For those of you who have read my blog, have spoken to me recently, or just generally know anything about me, I am pretty sure you would gather the fact that I just spent the four most amazing months of my life in Paris, the City of Lights, of baguettes, of cheese, and of endless discoverable rues. I am obsessed with my time abroad and I find myself speechless and babbling about it, depending on the day, whenever I am asked the timeless question from people I haven't seen in a while: "So, how was Paris?"
But now, I find myself in another metropole, one that might be even more coveted than Paris (although, that could be debated). This summer, I spend roughly between 50-60 hours of my week working and commuting to New York City. It might sound rough, going two hours a day to and from this gargantuan concrete jungle (isn't this term becoming cliche?), but I get the chills up my spine every time the city skyline peeks out from my window on the LIRR train.
While abroad, whenever a "foreigner" (I hate using this term because, at that point, I was the foreigner, wasn't I?) asked me where I came from, I would just say New York. Why split hairs? It's not like they would understand Long Island geographically anyways. And as for the few that did, they connected it with the Hamptons. So, to save myself an explanation and wasted breath, I would put my hometown under the geographical blanket of New York.
Man, oh man, you should have seen the kind of reactions I would get! It was as if, suddenly, their opinion of me skyrocketed up the charts of coolness. I became this sophisticated, other-worldly creature who traversed the streets of Times Square like a pro and had every opportunity at her fingers.
The last two tidbits aren't entirely untrue (while the first two totally are - I am just a goofball, no sophistication or otherworldiness involved). I do work in the middle of Times Square at the Viacom building, which forces me to not-so effortlessly or gracefully shove myself through hordes of tourists. And NYC does provide endless opportunities, whether for a culinary adventure, the chance of meeting someone truly interesting (i.e., an unusual street artist), or that awesome dream job you've been itching for. It's all here.
New York City is so different from Paris, though. I must admit, I did have a bit of reverse culture shock. The amount of people on the streets doubled, the amount of noise tripled, and the possibility of getting run over in the street by a taxi cab quadrupled (which, with crossing Rue du Rivoli daily while in Paris, is a huge feat).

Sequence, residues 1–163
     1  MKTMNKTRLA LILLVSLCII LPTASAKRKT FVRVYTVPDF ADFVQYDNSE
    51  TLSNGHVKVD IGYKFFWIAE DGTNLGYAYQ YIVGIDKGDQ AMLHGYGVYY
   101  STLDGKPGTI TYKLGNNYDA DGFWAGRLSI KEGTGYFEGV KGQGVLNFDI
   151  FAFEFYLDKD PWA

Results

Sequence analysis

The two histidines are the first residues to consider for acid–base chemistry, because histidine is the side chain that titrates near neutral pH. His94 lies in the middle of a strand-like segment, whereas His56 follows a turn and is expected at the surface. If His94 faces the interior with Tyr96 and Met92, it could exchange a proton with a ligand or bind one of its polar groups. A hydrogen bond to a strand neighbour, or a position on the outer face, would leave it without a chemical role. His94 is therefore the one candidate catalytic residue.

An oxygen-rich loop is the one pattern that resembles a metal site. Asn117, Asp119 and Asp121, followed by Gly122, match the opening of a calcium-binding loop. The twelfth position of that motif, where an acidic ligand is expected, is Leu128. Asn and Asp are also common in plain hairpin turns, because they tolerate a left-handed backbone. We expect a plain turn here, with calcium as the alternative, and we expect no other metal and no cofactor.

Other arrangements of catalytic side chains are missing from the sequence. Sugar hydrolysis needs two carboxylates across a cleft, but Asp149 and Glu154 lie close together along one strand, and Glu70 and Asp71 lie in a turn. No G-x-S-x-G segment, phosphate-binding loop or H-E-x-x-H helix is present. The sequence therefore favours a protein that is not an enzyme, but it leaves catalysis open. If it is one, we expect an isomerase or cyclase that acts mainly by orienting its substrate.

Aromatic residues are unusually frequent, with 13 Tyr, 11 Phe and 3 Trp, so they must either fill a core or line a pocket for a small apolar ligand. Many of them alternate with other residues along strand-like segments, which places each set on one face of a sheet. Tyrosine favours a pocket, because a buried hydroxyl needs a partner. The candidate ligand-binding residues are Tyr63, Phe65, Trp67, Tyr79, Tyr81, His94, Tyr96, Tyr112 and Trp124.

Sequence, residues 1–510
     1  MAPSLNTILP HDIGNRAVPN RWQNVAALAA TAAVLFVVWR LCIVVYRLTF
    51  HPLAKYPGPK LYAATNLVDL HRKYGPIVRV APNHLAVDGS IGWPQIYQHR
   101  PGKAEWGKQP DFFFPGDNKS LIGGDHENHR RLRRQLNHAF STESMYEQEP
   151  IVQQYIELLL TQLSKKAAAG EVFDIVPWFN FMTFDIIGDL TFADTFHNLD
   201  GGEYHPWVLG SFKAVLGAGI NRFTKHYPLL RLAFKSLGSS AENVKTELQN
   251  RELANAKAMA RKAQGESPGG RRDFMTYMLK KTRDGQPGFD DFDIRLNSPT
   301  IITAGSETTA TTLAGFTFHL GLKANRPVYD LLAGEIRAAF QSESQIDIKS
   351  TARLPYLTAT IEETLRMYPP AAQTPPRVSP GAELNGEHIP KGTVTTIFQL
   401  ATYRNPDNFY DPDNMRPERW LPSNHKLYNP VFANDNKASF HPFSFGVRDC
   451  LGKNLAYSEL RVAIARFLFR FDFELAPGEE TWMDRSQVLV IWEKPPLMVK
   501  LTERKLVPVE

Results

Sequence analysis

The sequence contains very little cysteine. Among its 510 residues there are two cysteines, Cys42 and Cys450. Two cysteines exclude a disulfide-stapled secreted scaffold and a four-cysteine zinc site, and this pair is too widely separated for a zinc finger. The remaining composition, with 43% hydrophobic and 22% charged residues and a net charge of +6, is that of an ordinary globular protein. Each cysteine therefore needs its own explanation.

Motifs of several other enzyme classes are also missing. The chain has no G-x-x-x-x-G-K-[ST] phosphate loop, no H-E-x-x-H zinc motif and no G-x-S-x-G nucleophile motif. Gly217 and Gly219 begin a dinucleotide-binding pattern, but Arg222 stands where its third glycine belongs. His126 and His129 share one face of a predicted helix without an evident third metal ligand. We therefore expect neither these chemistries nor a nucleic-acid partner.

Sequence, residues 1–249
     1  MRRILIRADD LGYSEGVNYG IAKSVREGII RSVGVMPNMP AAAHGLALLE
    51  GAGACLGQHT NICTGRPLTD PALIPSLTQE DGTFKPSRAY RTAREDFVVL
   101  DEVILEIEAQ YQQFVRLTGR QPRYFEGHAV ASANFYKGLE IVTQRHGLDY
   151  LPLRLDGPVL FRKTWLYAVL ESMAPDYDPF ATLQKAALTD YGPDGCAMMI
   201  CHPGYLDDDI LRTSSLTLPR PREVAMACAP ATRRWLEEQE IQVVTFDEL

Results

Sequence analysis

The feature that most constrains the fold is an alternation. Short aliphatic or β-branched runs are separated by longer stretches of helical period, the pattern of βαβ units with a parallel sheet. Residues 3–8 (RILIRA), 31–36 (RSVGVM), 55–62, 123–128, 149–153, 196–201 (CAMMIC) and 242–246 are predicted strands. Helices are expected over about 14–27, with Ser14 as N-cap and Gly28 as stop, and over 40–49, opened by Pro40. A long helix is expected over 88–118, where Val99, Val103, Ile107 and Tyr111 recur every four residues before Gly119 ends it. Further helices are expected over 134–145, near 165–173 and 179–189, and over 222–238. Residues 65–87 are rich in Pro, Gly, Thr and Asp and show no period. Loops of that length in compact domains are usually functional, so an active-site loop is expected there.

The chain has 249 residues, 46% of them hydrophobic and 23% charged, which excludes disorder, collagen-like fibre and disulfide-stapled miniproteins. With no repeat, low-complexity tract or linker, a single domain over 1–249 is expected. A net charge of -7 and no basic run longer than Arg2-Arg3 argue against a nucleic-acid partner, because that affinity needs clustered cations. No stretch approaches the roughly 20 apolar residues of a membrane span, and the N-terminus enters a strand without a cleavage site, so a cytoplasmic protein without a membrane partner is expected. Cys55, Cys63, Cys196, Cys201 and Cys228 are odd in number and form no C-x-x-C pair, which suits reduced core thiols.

Sure, both cities have reputations that precede them, unbelievable architecture, culture, and an inordinate amount of tourists, but their flavors vary. Paris is a classier city, one with a regal quality. It's buildings bleed history, luxury, and thatje ne sais quoi that Paris does so well. Paris adapts to every person to deliver them their own bit of fairytale.
New York City is harsher, it demands more attention. It's where the business-minded come to thrive and innovate. It's where the weak are separated from the strong. New York Citymakes you take it's metallic wonder in, rather than molding to your fantasy.
Working in New York City has been a true experience. I am lucky enough to have two internships this summer - Viacom (specifically VH1), as I had earlier mentioned, and on the marketing team of Outbrain (www.outbrain.com, @outbrain), a content discovery platform. Whether I am in Times Square (Monday and Wednesday) or Union Square (Tuesday, Thursday and Friday), I make it a point to take 15-20 minutes out of my day to sit and watch the world pass me by.
I am a professional people watcher.
In Manhattan, the world is constantly buzzing. People are constantly moving, life is constantly rolling on - it's like there is a constant heavy bass-line pushing everyone along on the huge avenues. (Maybe Kaskade or Calvin Harris would be the ones to master the NYC soundtrack?) If Paris had a soundtrack, it would be something along the lines of Debussy or Vanessa Paradis' unbelievably catchy song,La Seine (http://www.youtube.com/watch?v=9Z-NbQvhzKM).
Manhattan is busier, dirtier, and harsher, but I love it just the same. Paris is classic, cultured, and endless, and I miss it desperately. Nowhere else in the world could you for four months straight twirl your finger over a map, land on a random metro stop, exit at said metro stop, and wander the streets with curiosity and find new treasures each time. Each of these cities are constantly battling in my heart for the top spot. It's hard to see where I feel more at home, in two places where I feel comfortable with both of the languages.
I guess they each appeal to different sides of me. Paris is my inner wanderluster, elegant debutante, and wine-o. New York City is my goal-driven, attitude-y, ground-stompin' self. Put the two together and you have one girl, in love with the world, lusting after two of the greatest cities ever to be placed on the map.